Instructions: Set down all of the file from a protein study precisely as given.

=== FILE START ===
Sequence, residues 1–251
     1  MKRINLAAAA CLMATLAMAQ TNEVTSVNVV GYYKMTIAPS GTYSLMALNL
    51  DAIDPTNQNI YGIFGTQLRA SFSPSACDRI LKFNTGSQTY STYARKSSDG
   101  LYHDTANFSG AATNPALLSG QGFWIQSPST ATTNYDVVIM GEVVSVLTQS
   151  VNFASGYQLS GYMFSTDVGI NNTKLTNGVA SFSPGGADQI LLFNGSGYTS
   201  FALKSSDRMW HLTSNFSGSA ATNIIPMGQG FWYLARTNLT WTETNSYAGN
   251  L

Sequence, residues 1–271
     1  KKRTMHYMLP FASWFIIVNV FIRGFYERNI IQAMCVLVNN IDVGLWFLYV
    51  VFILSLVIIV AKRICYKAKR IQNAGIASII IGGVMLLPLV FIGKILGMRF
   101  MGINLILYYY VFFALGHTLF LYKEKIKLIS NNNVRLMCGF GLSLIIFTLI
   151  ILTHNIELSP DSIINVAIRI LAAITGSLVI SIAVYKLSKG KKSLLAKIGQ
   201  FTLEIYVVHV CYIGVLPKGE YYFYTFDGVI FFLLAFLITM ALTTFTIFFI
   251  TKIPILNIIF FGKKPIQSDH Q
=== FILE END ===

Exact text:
Sequence, residues 1–251
     1  MKRINLAAAA CLMATLAMAQ TNEVTSVNVV GYYKMTIAPS GTYSLMALNL
    51  DAIDPTNQNI YGIFGTQLRA SFSPSACDRI LKFNTGSQTY STYARKSSDG
   101  LYHDTANFSG AATNPALLSG QGFWIQSPST ATTNYDVVIM GEVVSVLTQS
   151  VNFASGYQLS GYMFSTDVGI NNTKLTNGVA SFSPGGADQI LLFNGSGYTS
   201  FALKSSDRMW HLTSNFSGSA ATNIIPMGQG FWYLARTNLT WTETNSYAGN
   251  L

Sequence, residues 1–271
     1  KKRTMHYMLP FASWFIIVNV FIRGFYERNI IQAMCVLVNN IDVGLWFLYV
    51  VFILSLVIIV AKRICYKAKR IQNAGIASII IGGVMLLPLV FIGKILGMRF
   101  MGINLILYYY VFFALGHTLF LYKEKIKLIS NNNVRLMCGF GLSLIIFTLI
   151  ILTHNIELSP DSIINVAIRI LAAITGSLVI SIAVYKLSKG KKSLLAKIGQ
   201  FTLEIYVVHV CYIGVLPKGE YYFYTFDGVI FFLLAFLITM ALTTFTIFFI
   251  TKIPILNIIF FGKKPIQSDH Q